A Tapestry of Words and Pictures: Wonderstruck

Wonderstruck, by Brian Selznick (lexile: 830; AR book level: 5.4; 640 pp)

Last night I read 2½ pounds of book — 640-pages — in a couple hours.  No, I’m not a gonzo-speed-reader — the book was Brian Selznick’s new Wonderstruck, with 460+ pages of just pictures.  If you have read his earlier Caldecott award-winning The Invention of Hugo Cabret* (basis of the recent movie Hugo), you will recognize Selznick’s intricate black & white drawings.  In Wonderstruck, however, he takes the marriage of illustration and text to a whole new level.

Wonderstruck tells the separate, gradually intertwining stories of two young people, Ben and Rose, each of whom is desperately seeking something.  Ben’s story, told in words, begins in 1977, when his mother passes away.  Among her belongings he finds a tantalizing clue that may lead him to the father he has never known.  So without telling his aunt and uncle with whom he’s staying, he sets out on a journey that will take him to New York City.

Rose’s tale begins in 1927, and is told entirely in pictures.  She, too, sets out on a journey, and through the detailed illustrations you gradually piece together the mystery of who she is and what she’s seeking.  Though 50 years apart, the two stories weave together, converging until … well, it’s a happy ending, but the rest you’ll have to discover yourself.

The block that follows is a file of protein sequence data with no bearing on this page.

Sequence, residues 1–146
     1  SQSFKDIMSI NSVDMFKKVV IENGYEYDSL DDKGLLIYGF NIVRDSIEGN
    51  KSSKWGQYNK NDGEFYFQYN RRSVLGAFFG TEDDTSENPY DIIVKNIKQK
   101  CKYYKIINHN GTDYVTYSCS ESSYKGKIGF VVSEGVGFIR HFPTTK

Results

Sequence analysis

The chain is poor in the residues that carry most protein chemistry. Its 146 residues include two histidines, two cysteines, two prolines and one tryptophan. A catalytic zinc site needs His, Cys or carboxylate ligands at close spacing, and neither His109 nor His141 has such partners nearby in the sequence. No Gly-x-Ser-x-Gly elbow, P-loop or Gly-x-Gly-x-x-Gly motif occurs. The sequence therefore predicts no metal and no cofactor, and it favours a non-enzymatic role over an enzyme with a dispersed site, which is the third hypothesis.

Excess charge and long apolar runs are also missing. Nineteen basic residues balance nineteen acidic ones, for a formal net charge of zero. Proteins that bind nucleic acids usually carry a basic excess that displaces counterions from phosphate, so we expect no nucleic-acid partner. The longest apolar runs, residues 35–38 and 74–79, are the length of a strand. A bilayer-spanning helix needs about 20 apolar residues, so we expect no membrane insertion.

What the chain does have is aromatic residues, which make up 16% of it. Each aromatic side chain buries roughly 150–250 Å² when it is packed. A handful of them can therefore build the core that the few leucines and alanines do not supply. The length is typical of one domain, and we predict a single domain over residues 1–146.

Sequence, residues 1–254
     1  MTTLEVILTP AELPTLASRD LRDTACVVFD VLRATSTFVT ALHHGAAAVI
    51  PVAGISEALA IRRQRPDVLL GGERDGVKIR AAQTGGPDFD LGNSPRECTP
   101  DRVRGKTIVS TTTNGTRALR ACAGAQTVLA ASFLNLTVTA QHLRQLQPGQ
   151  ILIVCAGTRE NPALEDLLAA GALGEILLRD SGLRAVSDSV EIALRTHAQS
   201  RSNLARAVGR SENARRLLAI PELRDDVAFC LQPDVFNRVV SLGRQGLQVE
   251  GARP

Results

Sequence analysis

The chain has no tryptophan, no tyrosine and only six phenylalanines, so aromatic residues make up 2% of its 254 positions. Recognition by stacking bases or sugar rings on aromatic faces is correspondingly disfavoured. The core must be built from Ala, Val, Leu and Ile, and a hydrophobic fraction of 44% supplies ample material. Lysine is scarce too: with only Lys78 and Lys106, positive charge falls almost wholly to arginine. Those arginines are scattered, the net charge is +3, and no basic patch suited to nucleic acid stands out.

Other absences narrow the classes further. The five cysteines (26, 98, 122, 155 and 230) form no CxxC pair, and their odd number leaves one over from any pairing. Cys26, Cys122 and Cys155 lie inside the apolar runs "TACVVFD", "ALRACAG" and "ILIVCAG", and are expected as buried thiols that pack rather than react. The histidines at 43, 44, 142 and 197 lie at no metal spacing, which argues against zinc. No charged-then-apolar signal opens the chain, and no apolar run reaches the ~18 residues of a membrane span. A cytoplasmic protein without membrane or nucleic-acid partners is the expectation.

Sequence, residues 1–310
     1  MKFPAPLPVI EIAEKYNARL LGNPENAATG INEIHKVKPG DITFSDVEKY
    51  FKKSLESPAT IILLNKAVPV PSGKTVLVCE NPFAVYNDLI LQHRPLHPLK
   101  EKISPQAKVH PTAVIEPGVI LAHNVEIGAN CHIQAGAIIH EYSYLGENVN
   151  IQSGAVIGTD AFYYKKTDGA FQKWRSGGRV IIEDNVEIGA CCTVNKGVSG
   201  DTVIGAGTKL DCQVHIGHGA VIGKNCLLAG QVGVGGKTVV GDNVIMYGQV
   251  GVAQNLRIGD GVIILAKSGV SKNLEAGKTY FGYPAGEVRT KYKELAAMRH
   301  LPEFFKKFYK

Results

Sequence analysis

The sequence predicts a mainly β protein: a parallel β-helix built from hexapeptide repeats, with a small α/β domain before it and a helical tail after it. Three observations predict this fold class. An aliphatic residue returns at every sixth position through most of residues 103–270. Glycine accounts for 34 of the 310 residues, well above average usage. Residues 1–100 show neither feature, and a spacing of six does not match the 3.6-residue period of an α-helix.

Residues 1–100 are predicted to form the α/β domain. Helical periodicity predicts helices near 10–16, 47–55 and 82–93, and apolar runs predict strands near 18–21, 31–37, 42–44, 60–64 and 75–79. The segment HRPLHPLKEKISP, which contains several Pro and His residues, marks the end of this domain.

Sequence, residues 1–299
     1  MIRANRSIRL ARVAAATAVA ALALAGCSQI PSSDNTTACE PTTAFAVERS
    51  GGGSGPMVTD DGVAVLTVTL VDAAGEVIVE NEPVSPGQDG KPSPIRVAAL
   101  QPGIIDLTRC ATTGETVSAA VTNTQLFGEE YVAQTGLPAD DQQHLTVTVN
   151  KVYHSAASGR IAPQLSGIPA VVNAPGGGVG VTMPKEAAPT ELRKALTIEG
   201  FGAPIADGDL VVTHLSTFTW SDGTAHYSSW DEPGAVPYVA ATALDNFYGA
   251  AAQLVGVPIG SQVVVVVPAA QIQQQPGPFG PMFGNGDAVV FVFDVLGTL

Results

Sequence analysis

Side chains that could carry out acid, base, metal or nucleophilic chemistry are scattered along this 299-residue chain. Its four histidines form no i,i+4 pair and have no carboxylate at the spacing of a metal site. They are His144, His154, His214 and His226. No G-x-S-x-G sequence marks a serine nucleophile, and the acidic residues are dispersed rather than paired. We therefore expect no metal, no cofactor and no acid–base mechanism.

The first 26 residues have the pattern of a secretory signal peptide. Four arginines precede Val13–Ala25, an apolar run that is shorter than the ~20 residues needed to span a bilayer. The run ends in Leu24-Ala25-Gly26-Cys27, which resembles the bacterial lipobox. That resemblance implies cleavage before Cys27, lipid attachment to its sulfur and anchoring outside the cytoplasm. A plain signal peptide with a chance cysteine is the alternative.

The story of Wonderstruck is good, but the WAY the story is told is amazing.  The two stories, the pictures and text, are interwoven so well, each providing clues to what’s going on in the other.  For me there were lots of “Aha!” moments as bits of the plot fell into place, as details in both the text and pictures suddenly made sense.  If you like puzzles to solve and pictures that invite exploration, Wonderstruck is a good choice.  (And don’t let the 2½ pounds of book scare you.)

*and if you haven’t, why not?


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